On point 2: Work on the development and assessment of Carbon Farming Initiative methodologies undertaken by the Department of Climate Change and Energy Efficiency (DCCEE) will continue apace under new Ministerial Responsibilities announced recently by the Prime Minister.

DCCEE’s energy efficiency functions will be have been transferred into the Department of Resources, Energy and Tourism (DRET) while the remaining policy functions currently performed by DCCEE, including the CFI, will be have been transferred to the newly-named Department of Industry, Innovation, Climate Change, Science, Research and Tertiary Education (DIICCSRTE).

Former DCCEE staff working on the CFI and other land sector measures will move to DIICCSRTE and continue their work accordingly.

Whether participating in CFI or not is still very much a matter of it depends on the location and the carbon sequestration rates that would be possible for it to be viable.

If we start by avoiding the cost of participation discussion, one non-scientific way to help you decide is to ask: Did the area to be used have really large trees present in the past? If yes it could be very viable. It follows that nature will want to regenerate those areas into large carbon rich forests. In gathering your evidence you could include old local history photos of the areas showing the large density of trees on them. In choosing a more scientific way: Gather the Lot & DP numbers and/or GPS points, and the CFI environmental tools should be useful to tell the landholder the likely sequestration rates. However, as we said in the former Co2Land org post the uncontrollable factor in proving if it is viable is the price of carbon. Notice it was not said the ‘carbon price’ as that is an artificial price set for the transition period.

If we focus on the cost of developing a methodology for inclusion into the CFI program register the major factor is cost in terms of the capability to enter into initiative. You may find innovation is required for a “creative” way to recover the cost of developing a methodology. Or is it? It follows that once published on the climate change website it becomes public information. However, it will still take some effort and there will be a need to lobby Government to allow the methodology to be used by another entity. In equity you should anticipate any agreement might require a royalty payment to the original developer.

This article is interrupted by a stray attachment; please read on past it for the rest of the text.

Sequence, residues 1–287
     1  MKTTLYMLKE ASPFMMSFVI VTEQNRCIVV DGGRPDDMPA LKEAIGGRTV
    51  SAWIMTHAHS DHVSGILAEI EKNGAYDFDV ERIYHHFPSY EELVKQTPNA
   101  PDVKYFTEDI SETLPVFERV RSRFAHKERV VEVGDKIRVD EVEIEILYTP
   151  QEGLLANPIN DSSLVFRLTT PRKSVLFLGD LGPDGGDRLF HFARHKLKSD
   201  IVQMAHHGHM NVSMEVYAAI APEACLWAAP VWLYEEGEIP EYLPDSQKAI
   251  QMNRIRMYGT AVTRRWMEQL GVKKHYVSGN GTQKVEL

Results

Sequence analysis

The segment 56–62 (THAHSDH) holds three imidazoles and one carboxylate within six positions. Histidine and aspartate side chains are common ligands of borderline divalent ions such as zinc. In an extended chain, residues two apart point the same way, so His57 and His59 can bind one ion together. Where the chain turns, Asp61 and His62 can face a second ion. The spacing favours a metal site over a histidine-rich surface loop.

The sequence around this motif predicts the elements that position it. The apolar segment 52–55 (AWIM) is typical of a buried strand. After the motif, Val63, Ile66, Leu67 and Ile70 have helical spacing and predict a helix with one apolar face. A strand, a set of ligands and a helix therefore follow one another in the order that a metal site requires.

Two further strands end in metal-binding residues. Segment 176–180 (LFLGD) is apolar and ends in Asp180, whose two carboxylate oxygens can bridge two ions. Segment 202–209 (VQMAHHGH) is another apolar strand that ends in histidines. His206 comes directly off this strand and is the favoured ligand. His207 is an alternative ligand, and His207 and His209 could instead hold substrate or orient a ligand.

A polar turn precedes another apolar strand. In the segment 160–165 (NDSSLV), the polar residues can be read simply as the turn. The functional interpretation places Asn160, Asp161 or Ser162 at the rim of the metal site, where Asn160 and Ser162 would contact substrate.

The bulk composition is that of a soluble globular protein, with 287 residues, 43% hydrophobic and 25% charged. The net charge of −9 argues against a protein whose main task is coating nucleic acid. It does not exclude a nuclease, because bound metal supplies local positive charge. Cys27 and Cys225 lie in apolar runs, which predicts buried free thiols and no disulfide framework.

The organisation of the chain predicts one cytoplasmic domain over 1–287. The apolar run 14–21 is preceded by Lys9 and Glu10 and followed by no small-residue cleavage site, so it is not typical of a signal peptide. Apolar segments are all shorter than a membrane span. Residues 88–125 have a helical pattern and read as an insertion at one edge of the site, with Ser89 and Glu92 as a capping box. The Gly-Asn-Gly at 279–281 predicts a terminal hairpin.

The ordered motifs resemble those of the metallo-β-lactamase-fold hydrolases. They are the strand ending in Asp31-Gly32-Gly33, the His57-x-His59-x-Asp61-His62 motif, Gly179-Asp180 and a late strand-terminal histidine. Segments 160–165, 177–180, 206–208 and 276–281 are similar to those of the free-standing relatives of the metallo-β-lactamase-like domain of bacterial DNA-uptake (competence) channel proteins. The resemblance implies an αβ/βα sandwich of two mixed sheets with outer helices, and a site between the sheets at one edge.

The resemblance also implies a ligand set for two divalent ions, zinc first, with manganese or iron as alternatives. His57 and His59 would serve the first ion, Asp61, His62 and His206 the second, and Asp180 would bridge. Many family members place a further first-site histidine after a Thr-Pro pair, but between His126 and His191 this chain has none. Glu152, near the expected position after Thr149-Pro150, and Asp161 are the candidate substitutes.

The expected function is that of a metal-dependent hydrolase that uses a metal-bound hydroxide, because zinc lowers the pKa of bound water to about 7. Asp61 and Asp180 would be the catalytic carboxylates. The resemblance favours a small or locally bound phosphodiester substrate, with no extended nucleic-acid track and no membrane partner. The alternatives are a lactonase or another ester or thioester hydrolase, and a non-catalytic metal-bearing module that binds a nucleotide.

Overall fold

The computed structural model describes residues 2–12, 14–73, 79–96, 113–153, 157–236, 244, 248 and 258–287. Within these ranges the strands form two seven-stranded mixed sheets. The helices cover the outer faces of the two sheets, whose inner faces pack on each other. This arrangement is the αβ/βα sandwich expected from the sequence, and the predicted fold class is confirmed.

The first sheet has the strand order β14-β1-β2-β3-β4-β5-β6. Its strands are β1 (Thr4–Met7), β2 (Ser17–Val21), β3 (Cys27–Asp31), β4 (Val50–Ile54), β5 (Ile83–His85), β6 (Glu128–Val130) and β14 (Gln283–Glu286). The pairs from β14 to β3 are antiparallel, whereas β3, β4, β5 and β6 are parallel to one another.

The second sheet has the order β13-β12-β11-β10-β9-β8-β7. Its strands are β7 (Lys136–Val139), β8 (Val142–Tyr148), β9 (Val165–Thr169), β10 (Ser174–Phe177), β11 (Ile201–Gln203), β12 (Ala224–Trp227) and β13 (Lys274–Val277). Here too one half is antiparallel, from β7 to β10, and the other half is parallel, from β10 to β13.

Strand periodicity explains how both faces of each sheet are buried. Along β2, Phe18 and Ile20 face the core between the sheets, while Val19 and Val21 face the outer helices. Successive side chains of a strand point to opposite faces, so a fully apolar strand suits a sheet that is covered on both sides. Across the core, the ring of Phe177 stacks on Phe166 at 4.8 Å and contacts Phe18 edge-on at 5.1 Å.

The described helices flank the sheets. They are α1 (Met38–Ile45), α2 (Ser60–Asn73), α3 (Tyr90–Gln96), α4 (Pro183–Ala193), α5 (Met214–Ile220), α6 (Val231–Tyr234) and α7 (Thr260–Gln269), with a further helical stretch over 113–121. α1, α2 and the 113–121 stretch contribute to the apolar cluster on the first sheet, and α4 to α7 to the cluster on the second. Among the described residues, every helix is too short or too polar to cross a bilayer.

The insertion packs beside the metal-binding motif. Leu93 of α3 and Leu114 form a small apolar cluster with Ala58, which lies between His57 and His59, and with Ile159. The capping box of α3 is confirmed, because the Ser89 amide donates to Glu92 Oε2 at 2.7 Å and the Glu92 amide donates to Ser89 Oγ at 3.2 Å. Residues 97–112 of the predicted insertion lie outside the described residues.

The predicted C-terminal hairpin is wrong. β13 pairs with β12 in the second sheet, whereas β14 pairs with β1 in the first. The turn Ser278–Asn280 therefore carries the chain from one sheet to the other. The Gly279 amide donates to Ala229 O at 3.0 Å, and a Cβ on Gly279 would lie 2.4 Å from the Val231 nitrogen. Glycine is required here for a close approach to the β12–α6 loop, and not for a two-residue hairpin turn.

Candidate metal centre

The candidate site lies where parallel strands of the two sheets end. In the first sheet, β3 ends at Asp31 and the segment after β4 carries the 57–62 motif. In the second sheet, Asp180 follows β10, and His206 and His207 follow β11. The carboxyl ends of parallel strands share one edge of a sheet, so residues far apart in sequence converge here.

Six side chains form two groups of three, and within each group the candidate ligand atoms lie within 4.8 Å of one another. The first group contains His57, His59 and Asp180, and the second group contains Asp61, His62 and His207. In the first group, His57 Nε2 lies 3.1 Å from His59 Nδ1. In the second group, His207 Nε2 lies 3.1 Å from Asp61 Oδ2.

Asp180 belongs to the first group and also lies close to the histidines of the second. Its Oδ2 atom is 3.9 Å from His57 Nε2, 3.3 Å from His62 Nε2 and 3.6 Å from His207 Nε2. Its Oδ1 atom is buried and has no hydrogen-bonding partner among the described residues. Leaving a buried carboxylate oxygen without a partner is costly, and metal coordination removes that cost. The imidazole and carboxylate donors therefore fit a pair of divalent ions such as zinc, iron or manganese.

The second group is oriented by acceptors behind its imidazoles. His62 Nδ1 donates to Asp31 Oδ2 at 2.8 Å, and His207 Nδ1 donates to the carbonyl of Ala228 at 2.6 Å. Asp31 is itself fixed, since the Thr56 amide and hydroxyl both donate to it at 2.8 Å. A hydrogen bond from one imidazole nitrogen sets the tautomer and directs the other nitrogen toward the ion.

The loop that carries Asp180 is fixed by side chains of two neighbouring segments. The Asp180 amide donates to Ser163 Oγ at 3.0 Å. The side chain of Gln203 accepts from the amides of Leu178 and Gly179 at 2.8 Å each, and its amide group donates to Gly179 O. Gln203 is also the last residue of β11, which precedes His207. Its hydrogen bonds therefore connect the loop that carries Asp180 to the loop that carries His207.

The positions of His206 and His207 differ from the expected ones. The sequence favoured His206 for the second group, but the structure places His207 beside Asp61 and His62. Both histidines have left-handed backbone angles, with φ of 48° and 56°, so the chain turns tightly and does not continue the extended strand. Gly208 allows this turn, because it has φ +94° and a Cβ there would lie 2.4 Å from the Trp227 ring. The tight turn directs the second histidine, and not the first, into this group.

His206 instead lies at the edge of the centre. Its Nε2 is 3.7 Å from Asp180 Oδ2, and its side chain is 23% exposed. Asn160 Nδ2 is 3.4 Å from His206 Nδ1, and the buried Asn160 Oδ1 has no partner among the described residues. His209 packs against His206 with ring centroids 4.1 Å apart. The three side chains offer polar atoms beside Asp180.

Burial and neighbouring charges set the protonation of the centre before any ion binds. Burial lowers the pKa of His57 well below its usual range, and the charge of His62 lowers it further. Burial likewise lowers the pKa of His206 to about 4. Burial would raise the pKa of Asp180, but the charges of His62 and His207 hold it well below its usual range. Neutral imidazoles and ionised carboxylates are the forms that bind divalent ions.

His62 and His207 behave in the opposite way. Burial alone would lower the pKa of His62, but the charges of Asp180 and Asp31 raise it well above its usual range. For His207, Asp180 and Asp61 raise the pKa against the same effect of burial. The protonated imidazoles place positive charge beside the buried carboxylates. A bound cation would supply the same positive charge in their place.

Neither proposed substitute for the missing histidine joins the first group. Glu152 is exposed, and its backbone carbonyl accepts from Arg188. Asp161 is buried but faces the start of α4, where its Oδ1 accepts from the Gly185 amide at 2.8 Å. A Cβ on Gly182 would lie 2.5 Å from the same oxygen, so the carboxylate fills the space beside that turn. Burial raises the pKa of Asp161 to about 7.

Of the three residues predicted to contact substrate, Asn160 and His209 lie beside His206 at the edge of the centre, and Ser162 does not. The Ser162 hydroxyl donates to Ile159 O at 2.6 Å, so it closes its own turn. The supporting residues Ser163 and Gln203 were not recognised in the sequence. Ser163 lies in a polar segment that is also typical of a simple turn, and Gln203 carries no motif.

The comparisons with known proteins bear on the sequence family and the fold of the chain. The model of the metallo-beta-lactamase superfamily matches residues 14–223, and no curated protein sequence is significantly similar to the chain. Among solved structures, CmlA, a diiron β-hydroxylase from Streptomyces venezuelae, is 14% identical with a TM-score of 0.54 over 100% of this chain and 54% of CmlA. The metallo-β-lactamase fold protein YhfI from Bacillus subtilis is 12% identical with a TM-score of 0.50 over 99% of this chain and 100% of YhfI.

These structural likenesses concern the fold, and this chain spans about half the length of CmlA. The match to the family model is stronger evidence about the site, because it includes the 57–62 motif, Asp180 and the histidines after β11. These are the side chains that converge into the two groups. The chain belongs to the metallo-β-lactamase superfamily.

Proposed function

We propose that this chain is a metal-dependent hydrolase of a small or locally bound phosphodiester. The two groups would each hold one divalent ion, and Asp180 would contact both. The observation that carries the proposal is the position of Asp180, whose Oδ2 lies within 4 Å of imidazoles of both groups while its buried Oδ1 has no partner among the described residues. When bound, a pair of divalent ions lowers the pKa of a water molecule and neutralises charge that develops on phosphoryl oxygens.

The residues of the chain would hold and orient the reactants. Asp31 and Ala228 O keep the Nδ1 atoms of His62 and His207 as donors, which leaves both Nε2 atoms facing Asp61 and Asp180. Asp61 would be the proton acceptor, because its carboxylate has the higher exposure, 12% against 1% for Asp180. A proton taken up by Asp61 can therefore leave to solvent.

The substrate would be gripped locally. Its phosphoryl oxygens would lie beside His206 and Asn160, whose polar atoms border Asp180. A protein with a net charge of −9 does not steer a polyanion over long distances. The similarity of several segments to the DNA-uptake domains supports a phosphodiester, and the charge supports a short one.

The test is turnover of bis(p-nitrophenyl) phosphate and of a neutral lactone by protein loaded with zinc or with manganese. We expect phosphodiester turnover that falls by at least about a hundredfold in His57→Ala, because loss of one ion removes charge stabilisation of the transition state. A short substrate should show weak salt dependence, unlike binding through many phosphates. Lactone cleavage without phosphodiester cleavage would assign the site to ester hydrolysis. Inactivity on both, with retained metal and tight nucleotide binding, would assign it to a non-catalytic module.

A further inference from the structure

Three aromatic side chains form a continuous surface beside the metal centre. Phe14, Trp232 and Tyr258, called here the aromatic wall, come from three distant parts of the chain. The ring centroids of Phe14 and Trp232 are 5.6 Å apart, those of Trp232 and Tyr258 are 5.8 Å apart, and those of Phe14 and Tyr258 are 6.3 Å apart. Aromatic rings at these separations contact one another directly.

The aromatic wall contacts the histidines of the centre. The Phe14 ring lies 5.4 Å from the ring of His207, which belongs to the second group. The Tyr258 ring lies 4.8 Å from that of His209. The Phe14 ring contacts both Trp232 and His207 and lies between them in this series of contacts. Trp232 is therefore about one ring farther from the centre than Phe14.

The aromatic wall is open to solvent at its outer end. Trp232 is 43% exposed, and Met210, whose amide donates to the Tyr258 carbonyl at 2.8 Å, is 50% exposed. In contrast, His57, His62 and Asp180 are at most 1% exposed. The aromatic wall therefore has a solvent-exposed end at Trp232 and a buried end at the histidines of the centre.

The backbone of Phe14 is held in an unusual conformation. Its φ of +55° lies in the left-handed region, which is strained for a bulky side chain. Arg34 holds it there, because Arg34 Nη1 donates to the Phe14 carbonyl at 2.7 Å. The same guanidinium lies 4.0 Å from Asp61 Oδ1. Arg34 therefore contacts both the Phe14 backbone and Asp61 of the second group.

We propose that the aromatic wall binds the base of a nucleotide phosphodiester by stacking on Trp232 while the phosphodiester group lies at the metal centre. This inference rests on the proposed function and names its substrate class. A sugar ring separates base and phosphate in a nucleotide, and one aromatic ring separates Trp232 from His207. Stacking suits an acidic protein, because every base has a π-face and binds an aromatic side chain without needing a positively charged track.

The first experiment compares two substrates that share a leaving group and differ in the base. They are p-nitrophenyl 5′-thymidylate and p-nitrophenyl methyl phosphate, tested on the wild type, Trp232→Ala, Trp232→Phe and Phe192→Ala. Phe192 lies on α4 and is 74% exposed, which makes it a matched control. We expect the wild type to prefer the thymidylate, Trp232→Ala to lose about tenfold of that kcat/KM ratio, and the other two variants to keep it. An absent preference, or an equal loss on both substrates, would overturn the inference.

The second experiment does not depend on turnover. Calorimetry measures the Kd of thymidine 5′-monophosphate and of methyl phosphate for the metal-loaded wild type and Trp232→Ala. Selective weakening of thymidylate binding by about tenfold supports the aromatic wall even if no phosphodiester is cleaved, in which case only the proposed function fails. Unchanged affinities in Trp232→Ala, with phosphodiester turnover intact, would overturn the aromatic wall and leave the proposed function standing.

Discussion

If you can overcome the matter of cost, it becomes a question of what CFI environmental tools you refer to for the CFI Mapping and Reforestation Modeling tools. Also the methodology costs will depend on the level of verification and any additional research required, in many cases there are sufficient prior studies (such as survival & growth rates in the targeted region) and accepted calculation methods to do this could be found from a literature search, or you could talk to others trying to develop the same thing. It is understood the web page: http://www.greeningaustralia.org.au/our-projects/land/bio4 will promote further research on this matter.

One suggested project to study as a background search is the NSW Blacktown Council and their Regenesis Project. That project has lessons that can be of benefit to be aware of in your deliberations. One example lesson is they had a significant grant to develop their concepts and actually generated the first carbon credits only to have a later policy decision rule projects within urban boundaries to be ineligible. Notwithstanding, the core of their work is valid. You can view the Regenesis projects on the website – www.australiancarbontraders.com and then click on the Regenesis link on the front page.

So frustration will continue and innovation continues to be encouraged – for those eligible – and that suggests you need friends to be recognized as able to be innovative. At cross purposes you might argue!  An anonymous friend, name provided but withheld, said “in an entirely different forum some years ago we flagged this as a problem for the then announced Innovation Strategy. The senior public servant delivering the local launch responded: We can’t have people solving problems in unique ways that we can’t predict, you wouldn’t know where would it all end up!